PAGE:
Friday, October 24, 2008

Election Exercise #5: Avoiding End-of-the-Stretch Election Traps

note: smarty pants posts are my routine thoughts on current events.  And even though we're all getting terribly tired of it, the elections are indeed current...

Well, I've studied my issues.  I've gotten to know my candidates (the local ones).  I've figured out where I need to vote.  And I've even tabulated my taxes.  Just one last thing before I hit the poles:  I have to dodge the cleverly laid, end-of-the-stretch, election traps.

These traps are designed to distract me, to tickle my fancy, and elicit an emotional (as opposed to rational) response.  They are as follows:

1.  Apocalyptic claims.  You've heard them before.  They are the ones that promise the END of the WORLD at the advent of so-and-so being elected. or this bill being passed, or that judge being confirmed.  Yes, I understand that people are passionate about candidates and causes, but do we really think that the immediate outcomes of this election cycle will dramatically result in civilization as we know it crashing to an end?  Given the testimony of history, I'd say it's highly unlikely.  And I'm skeptical of anyone who suggests otherwise.

2.  Hyper-partisanship.  As if we don't have enough partisanship during the year, it seems intensified during this final stretch.  Now, a dose of partisanship is good for any country--keeps democracy on its toes.  But when members of either party start publicly suggesting that all the troubles that ail us are strictly to blame on the "other guys," I start to tune out.  In government, like everything else, it takes two (or more!) to tango.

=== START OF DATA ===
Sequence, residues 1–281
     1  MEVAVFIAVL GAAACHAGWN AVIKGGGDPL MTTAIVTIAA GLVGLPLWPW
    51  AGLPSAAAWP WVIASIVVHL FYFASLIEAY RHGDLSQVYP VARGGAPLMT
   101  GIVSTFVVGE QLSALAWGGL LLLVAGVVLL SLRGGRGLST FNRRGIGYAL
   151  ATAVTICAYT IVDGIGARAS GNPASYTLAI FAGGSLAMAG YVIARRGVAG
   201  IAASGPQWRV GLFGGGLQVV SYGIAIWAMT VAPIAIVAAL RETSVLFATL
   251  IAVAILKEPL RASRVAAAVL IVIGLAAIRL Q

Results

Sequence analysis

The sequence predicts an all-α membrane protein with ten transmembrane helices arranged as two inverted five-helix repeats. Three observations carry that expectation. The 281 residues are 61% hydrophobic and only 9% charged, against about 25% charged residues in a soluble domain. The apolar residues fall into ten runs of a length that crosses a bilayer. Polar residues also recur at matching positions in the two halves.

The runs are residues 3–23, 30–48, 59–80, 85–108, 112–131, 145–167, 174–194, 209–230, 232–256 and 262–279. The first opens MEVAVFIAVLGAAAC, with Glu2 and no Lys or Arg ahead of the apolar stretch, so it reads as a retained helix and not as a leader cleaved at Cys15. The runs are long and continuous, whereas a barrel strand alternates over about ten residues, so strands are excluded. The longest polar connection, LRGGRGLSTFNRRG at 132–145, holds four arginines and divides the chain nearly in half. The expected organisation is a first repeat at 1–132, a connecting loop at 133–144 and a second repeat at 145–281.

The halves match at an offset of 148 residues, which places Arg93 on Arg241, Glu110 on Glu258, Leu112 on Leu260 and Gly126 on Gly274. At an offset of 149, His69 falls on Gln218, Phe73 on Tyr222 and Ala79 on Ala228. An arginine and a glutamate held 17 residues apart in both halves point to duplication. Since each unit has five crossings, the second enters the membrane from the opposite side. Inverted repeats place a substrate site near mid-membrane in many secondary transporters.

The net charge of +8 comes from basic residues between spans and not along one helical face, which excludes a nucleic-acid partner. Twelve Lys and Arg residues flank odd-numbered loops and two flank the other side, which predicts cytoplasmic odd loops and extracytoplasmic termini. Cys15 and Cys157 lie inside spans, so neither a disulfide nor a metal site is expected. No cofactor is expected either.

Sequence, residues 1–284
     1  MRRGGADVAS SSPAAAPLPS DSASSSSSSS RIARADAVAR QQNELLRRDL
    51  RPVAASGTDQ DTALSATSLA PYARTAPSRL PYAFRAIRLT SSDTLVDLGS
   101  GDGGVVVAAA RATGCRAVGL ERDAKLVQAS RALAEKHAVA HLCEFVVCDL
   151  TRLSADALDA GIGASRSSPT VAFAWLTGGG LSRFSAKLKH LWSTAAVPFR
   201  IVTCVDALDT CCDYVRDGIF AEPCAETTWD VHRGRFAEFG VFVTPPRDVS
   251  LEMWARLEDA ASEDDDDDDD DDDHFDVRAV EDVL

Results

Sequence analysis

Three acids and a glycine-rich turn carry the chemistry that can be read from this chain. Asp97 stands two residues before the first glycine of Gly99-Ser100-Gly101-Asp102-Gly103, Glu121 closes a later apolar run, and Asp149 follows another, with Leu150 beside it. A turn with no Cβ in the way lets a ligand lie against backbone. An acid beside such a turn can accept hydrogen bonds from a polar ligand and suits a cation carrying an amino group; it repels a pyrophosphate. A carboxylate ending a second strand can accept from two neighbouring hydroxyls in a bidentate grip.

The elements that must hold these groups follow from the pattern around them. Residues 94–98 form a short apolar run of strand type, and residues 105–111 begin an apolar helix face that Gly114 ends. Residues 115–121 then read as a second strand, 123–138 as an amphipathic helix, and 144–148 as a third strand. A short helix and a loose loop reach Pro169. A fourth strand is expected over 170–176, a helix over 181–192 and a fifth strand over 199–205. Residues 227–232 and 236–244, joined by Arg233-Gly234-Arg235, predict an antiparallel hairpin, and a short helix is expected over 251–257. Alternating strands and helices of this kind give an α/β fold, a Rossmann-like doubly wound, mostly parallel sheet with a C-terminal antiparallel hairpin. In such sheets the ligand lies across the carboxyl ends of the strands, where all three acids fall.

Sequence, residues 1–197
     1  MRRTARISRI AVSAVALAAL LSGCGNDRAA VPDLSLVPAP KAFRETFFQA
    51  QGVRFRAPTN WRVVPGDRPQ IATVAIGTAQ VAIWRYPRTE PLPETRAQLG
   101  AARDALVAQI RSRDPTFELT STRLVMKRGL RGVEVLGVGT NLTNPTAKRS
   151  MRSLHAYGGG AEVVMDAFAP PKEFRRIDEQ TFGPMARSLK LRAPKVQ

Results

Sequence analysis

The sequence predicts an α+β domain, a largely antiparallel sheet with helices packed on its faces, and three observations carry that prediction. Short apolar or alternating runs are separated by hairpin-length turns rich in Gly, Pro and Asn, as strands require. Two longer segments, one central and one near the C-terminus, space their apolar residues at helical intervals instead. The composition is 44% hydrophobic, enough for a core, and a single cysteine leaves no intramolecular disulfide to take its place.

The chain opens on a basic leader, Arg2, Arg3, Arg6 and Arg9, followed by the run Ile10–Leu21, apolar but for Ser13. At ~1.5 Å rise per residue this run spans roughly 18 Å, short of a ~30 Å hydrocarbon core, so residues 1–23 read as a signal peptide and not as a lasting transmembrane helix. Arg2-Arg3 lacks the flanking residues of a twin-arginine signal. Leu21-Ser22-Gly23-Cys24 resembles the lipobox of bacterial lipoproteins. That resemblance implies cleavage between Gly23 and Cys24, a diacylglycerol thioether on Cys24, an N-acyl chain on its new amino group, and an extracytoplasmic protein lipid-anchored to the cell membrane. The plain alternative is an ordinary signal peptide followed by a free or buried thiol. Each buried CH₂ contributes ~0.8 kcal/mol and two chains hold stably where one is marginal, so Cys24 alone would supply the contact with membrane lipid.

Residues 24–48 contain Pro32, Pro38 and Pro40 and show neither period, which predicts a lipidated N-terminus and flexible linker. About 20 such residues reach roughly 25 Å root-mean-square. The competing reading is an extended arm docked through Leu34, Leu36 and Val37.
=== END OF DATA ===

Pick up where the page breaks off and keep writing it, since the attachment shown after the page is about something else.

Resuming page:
3.  Oversimplification.  In our age of 30 second sound bites, it is efficient and practical to squeeze highly complicated issues (like the demise of our economic system) into neat, finger-pointing, stump-ready packages.  Oh lament the listener who believes it is that simple!  Contrary to what we may be led to believe, politics, regardless of who's driving, never have the luxury of operating in a vacuum.  Rather, they are thrown into the jumble with everything else (like business, education, religion, and culture), and thereby Way exceed the sound bite time limit.

I, for one, will resist these attempts to persuade my voting decision, and will instead make a choice based on the information I learned from my other election exercises!  Trap endured (only 2 more weeks) and avoided!

Did I miss any traps?  Let me know what you think by emailing me at or commenting here.

To catch up on previous election exercises, read below:

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